calpe conference

                                         Calpe 2014 Conference

                               In the footsteps of the ancestors: a universal heritage of everyone


This year’s Calpe Conference, the 18th in the series, will take place between the 18th and 21st September at the John Mackintosh Hall.  The conference will bring together top specialists in the study of early humans and experts in the field of World Heritage.  The conference is timely given the forthcoming nomination of the Gibraltar Neanderthal caves (including Gorham’s Cave) and landscape for World Heritage Status.  Its aim is to discuss the universality of the early human story and to debate its representation on the World Heritage List.  This story is a truly universal one, staged at a time when national boundaries did not exist, and is underrepresented on the List and the inclusion of sites which tell this story will help to balance it.



                                          Speakers


The list of speakers is impressive.  The opening lecture will be given by Professor Don Johanson, one of the discoverers of the famous Australopithecus skeleton which became popularly known as “Lucy” in 1974.  He is Virginia M. Ullman Chair in Human Origins, Professor of the School of Human Evolution and Social Change, and Founding Director of the Institute of Human Origins at Arizona State University.


The programme is divided into three sessions.  The first is on the subject of World Heritage and the opening lecture will be delivered by Professor Minja Yang who is President of the Raymond Lemaire International Centre for Conservation (RLICC), Leuven, Belgium.  Professor Yang was formerly Deputy Director of the UNESCO World Heritage Centre in Paris.  Established by Professor Raymond Lemaire in 1976, at the initiative of the International Council of Monuments and Sites (ICOMOS), within the framework of the College of Europe in Bruges, the RLICC is now part of the advanced Master programme of the Faculty of Engineering of the Katholieke Universiteit Leuven.  The RLICC has more than 35 years of experience in training, research and consulting in the field of the preservation of the built heritage. 


Also speaking in this session is Dr Christopher Young, who is the former Head of International Advice at English Heritage with a wealth of experience of the World Heritage Convention.  Professor Robin Dennell of Sheffield University is a leading Palaeolithic archaeologist, who has many years of experience of working in the field in different parts of Asia and has advised the World Heritage Centre in its Human Evolution: Adaptations, Dispersals and Social Developments (HEADS) programme.  The first session ends with Professor John Hawks of the University of Wisconsin-Madison.  Professor Hawks is a widely known advocate of open science.  His blog (http://johnhawks.net) reaches a global audience with more than 150,000 unique visitors each month.  He is working to innovate new approaches to biology education and science literacy both at the undergraduate and high school levels and is a leader in the development of ways that open access and public engagement can shape the future of science.  In January 2014 he commenced an exciting and innovative massive open online course entitled ‘Human Evolution: Past and Present’.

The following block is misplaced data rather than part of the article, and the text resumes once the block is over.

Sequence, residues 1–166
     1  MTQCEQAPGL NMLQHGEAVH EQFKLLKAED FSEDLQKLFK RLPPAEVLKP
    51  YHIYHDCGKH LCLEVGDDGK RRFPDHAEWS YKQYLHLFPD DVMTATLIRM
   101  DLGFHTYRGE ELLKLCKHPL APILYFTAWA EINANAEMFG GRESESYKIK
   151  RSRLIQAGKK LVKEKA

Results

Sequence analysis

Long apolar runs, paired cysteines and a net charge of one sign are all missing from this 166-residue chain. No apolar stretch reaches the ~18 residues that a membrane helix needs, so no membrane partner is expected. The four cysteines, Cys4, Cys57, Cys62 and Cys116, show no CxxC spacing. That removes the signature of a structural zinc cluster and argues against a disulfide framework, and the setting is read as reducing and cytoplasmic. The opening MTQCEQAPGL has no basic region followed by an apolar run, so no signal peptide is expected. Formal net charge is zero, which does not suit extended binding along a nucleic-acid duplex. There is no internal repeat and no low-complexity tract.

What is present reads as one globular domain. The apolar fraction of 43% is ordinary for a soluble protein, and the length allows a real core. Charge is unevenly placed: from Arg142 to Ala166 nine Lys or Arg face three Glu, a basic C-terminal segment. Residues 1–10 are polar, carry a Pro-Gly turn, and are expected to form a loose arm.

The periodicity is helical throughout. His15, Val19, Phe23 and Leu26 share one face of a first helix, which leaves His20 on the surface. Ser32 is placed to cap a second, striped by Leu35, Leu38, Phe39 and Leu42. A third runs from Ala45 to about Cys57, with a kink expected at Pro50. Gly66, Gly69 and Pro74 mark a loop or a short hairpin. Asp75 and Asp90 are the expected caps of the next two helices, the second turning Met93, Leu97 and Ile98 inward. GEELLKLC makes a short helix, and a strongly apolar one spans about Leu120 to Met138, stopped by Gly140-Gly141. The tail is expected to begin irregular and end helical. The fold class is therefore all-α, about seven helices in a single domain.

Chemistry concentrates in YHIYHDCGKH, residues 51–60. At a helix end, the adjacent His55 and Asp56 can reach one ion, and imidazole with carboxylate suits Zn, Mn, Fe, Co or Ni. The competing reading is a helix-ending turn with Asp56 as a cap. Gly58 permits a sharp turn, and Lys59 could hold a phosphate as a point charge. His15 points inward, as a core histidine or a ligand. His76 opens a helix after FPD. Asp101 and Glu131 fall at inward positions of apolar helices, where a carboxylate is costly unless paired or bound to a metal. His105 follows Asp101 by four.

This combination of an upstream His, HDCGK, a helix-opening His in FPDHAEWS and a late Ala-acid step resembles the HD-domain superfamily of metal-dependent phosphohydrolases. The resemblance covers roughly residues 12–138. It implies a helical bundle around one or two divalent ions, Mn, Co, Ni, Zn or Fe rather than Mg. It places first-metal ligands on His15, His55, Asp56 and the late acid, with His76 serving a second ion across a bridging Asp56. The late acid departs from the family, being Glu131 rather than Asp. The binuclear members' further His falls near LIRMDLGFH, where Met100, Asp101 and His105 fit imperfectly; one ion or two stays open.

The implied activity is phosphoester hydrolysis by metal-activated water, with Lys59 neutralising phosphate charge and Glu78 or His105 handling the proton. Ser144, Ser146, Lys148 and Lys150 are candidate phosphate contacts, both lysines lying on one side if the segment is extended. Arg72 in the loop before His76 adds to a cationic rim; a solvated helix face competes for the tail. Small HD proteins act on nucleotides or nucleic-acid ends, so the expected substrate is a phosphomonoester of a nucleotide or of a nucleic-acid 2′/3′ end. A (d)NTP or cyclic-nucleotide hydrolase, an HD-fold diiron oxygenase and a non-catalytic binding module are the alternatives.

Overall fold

The second day is dedicated to case studies and commences with three sites that are currently on the World Heritage List.  Professor Mina Weinstein Evron is Head of the Zinman Institute of Archaeology and the Laboratory of Palynology at the University of Haifa in Israel.  Professor Weinstein Evron was an instrumental figure in the inscription of the Mount Carmel caves on the World Heritage List in 2012.  She will be followed by Dr Anthony Pace who is Superintendent of Heritage of the Government of Malta.  Malta has several World Heritage Sites, including its impressive Bronze Age temples, and Dr Pace will analyse the competitive advantage, at both national and international levels, of World Heritage inscription.  The third speaker, Dr Juan José Negro, is the Director of the Biological Station at Doñana, a park which is a World Heritage Site under natural criteria.  Dr Negro will look at the impact of human activity on the park, which dates back to the Neolithic.


The ethnographic dimension, specifically looking at Australian Aboriginal and indigenous South American peoples will take up the second part of the session.  Dr Mark Dugay-Grist, Australian Consultant Archaeologist with aboriginal roots, will be asking the question ‘Can the study of our Ancestors enhance our modern societies?’ Professor Christoph Zollikofer and Dr Marcia Ponce de León of Zurich University will then ask another, highly topical and controversial, question ‘Human remains as cultural heritage: whom do they belong to, and where do they belong?’


The third day is dedicated to Gibraltar, with members of the Gibraltar Museum team speaking about the candidate World Heritage Site and joined by Professor Joaquín Rodríguez Vidal of the University of Huelva and Dr Jordi Rosell of the Catalan Institute of Human Palaeoecology and Social Evolution.  Professor Geoff Bailey of the University of York, who is a leader in the field of submerged archaeology, and Miss Sue Davies, Consultant in Cultural Heritage and former Vice Chairperson, United Kingdom National Commission for UNESCO, will also participate in this session.  Miss Davies has an intimate knowledge of the work being undertaken in Gibraltar and will close the session with a lecture entitled ‘Neanderthal Rock: Gibraltar on the World Heritage Stage’.




For further information please contact the Gibraltar Museum at enquiries@gibmuseum.gi heading the email ‘Calpe 14’, or by calling the Gibraltar Museum reception on 200 74289.



Full programme.